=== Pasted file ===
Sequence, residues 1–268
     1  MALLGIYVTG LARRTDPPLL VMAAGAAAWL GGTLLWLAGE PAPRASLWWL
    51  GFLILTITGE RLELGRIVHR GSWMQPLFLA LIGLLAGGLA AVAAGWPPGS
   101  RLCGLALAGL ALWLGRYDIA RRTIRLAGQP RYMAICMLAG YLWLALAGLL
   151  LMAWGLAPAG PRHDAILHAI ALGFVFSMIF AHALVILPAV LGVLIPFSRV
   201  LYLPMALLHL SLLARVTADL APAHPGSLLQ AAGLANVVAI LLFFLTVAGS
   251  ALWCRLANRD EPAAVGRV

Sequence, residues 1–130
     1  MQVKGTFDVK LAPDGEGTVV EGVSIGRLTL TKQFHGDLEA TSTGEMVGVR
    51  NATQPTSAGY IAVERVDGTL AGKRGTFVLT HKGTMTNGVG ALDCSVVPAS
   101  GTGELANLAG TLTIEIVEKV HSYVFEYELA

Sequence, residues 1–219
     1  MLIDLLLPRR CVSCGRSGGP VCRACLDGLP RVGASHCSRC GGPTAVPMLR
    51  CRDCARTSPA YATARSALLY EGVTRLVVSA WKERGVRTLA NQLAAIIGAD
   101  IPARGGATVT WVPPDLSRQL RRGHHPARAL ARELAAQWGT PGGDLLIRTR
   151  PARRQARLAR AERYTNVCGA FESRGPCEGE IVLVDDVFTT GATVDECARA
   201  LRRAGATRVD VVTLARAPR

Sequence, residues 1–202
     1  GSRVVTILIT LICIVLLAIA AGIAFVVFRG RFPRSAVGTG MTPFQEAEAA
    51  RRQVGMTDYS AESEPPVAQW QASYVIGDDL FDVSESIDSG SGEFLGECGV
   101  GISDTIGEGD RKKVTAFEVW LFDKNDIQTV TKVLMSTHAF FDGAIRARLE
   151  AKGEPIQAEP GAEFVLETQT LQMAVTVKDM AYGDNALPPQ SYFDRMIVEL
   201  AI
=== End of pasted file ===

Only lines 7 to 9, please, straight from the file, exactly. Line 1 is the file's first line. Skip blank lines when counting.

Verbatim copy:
   251  ALWCRLANRD EPAAVGRV

Sequence, residues 1–130
     1  MQVKGTFDVK LAPDGEGTVV EGVSIGRLTL TKQFHGDLEA TSTGEMVGVR